Go Down

Topic: Why so many capacitors between Vcc & GND? (Read 15473 times) previous topic - next topic

GilchristT

Hi

Just trying to educate myself a bit. I'm putting together a project based on a USB hub IC and a ATMEGA32U4.

The reference design for both components has multiple capacitors between the power and gnd nets. I'm not questioning the requirement, I assume they're there for a reason but I was just wondering why so many?

On the assumption that the capacitors are there to provide power smoothing, is the idea of having so many that you dot them around the PCB so they're close to where they might be required i.e. my nice neat PCB design with them all together in a row probably isn't a good thing?

Thanks in advance.

Tommy


mromani

Aren't they used to avoid noise ? If so, then it would make sense to have them spread around the pcb... (mine is just a wild guess, as I'm not into electronics very much :-)

Grumpy_Mike

#2
Feb 14, 2012, 11:21 pm Last Edit: Feb 14, 2012, 11:29 pm by Grumpy_Mike Reason: 1
These are decoupling capacitors, read all about it here:-
http://www.thebox.myzen.co.uk/Tutorial/De-coupling.html

Quote
my nice neat PCB design with them all together in a row probably isn't a good thing?

Correct.

retrolefty


Aren't they used to avoid noise ? If so, then it would make sense to have them spread around the pcb... (mine is just a wild guess, as I'm not into electronics very much :-)


Noise doesn't 'hurt' the traces or other passive components, only the ICs, so bypass caps should always be mounted as close to the ICs they are 'protecting' and use as short leads as possible.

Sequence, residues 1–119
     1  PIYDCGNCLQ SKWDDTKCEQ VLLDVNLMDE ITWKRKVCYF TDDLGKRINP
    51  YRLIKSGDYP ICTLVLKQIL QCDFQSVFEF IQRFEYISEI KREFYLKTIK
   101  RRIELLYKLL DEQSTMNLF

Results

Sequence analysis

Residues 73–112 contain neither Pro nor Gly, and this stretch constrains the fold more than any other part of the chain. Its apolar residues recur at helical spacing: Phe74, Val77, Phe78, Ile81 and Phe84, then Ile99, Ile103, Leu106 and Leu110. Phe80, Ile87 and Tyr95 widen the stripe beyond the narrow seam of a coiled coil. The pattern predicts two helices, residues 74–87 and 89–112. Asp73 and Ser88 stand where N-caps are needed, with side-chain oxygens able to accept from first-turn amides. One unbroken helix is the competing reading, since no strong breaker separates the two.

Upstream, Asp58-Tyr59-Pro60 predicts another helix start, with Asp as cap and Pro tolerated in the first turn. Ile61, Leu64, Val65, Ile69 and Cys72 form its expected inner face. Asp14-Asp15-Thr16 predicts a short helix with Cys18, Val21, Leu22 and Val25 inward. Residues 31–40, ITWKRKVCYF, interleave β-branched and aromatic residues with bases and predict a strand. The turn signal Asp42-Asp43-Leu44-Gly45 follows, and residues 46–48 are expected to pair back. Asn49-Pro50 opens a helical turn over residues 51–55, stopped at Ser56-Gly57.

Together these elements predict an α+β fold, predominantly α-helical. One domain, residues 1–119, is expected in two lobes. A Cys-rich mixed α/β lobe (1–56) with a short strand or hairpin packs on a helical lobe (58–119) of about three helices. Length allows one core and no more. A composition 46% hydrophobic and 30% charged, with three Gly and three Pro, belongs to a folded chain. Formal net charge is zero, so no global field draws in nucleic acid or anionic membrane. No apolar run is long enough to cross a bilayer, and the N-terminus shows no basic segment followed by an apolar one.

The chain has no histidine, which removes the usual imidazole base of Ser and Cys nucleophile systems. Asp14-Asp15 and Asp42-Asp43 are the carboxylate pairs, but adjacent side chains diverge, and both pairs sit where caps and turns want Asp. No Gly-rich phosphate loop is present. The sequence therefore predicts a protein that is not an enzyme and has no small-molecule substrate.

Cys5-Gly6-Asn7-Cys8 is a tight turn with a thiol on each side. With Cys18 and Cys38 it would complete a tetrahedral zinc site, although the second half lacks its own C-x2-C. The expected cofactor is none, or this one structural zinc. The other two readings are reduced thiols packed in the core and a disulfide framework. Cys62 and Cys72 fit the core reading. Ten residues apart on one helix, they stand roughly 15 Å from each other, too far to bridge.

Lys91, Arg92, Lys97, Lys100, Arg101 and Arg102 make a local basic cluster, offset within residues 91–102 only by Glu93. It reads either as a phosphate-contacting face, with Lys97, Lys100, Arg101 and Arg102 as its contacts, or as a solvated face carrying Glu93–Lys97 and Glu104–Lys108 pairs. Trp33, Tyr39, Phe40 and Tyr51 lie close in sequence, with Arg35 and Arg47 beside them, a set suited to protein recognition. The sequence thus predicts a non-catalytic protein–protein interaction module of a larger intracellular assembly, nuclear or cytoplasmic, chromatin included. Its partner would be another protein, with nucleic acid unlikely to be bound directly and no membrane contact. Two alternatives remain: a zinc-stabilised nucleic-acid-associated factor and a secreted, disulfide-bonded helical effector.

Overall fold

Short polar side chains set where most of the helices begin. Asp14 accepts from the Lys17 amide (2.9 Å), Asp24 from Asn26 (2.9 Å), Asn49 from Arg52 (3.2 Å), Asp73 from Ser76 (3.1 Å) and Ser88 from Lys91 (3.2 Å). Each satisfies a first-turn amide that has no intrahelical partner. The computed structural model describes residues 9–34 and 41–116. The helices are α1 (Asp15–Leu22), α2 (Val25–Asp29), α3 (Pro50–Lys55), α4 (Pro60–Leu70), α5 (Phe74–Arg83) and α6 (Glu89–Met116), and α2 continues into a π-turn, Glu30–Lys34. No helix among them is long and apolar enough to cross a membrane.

DVDdoug

Quote
Noise doesn't 'hurt' the traces or other passive components, only the ICs
Just to clarify, it doesn't damage any components, but it can mess-up the signals & data.  Obviously you don't want noise in an audio circuit, and too much noise in a digital circuit can change a '1' to a '0' and that can really mess things up.  (One wrong bit on the data or address bus, and your program will usually crash!)   

When ICs switch (or ouput data) they tend to make noise on the power supply lines, and that can mess-up operation of the IC making the noise, or a different IC.

I work in production, and once in a while we will have a board missing one of the bypass caps.   One missing cap never makes the board fail.   (But, if one is missing, we always replace it.)  In reality, you could probably take half of 'em off and the board would still work.   But, standard practice is to bypass the supply near every IC.

mromani

Thanks Grumpy and retrolefty :)

BTW, Mike, I found that page excellent.

MarkT

One insight that might help appreciate why digital circuitry especially needs thorough decoupling:

3kW mains heater at 240V 50Hz, 12.5A rms, max rate of change of current is 5.5kA/s

1000W audio amplifier into 4 ohm load at 10kHz (16A rms signal ) - max rate of change of current is 1.4 MA/s

20mA LED driven from logic circuit (7ns switching time) - 2.8 MA/s

Lightning is something like 1000MA/s for comparison.


So a little digital circuit driving one LED could easily be causing twice as fast a current change as a large PA amplifier, and far larger than anything on your mains wiring - and this interacts with stray inductance in your circuit to develop unwanted voltage spikes without decoupling real close to the chip.

Incidentally the only output switching time for the Arduino processor I could find on the datasheet was a "typical" value for the SPI SCK output of 3.6ns, so I'm probably being conservative with these switching times.
[ I DO NOT respond to personal messages, I WILL delete them unread, use the forum please ]

GilchristT

Thanks to all of you, lots of useful information.

@Mike, I think you pointed me at that page a while back when I asked something broadly similar ("What are capacitors used for?" if I recall correctly :smiley-red:). It makes a lot more sense to me now. That's no reflection on your writing, just my reading  :)

Tommy

war_spigot

I would think they would need to be close.  Noise can be introduced anywhere, so there's no point in putting them all in one place.

Go Up